In English, the girl and her friend made obscure American movie quotes and laughed. They said they were excited about going to my tent, teasing me. They pretended they wanted me to spend money on them, which probably wasn't true. They told me they were too strange for most guys. But, once they woke up my hybernating sense of humor, we started laughing a lot together.
They said they'd show me Belgrade. We boarded a trolley without paying.
We went to St. Mixaela, the main pedestrian shopping street. As we watched a funny juggler, I put my arm around the waist of brown-eyed, brown-haired Ivana, in her sleeve-less turquoise shirt.
We went to Kalimegdan, which I called "Karmageddon", a Medieval fort and courtyard overlooking the Sava and Danube Rivers. Ivana wanted me to ask a guy for a cigarette for her, which I didn't really want to do. She wouldn't agree to a kiss in exchange for the favor. So, we went to see a display of photo's from Serbia.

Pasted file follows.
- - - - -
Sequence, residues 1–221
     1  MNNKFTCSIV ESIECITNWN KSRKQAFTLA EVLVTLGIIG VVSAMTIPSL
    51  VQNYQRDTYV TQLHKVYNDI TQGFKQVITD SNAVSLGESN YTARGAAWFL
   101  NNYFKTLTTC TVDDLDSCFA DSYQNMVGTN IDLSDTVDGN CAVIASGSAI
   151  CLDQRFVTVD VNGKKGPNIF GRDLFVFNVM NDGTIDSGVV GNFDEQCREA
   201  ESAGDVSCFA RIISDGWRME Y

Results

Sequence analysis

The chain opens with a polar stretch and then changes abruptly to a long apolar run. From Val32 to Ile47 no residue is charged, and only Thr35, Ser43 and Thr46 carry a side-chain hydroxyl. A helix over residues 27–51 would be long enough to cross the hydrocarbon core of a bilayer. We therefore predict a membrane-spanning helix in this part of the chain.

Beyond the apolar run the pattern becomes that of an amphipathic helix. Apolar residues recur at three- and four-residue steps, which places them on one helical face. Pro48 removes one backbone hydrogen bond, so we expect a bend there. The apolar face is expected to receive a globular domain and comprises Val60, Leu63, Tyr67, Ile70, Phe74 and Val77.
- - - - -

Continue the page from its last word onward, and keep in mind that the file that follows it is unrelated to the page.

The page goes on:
Meanwhile, Ivana's friend, Kacha, wore a silky turquoise blouse whose left sleeve kept exposing her shoulder. She had a light-blond ponytail, light eyes, and light lips that were smiling all night, with a baby's lack of worry. Maybe I should've made my move on HER? It was assumed that there should be romantic tension between Ivana and me, and this could've put pressure on Ivana to act conservatively. But, Kacha - on whom there was no pressure, but who was enjoying our company very much; who'd asked "Where's your hair?" while feeling my thin, unwashed strands - may've felt free enough to have no worries standing in the way of the initial excitement of the thought of a kiss.
I remembered my two girlfriends in Russia. It had seemed all along that Nadezda liked me; but, Nadezda was worried what Elina would think if Nadezda kissed me too soon; and then, unexpectedly, Elina kissed me first!
Ivana and Kacha were great, twenty-year-old girls. After three hours of talking, I was too tired to go with them to see the aforementioned rock band. Kacha's cheek-kiss good-night was softer than Ivana's. We made plans to meet the next day. But, I was a bit late, or else they just didn't come. It was pretty disappointing.
- Modern O.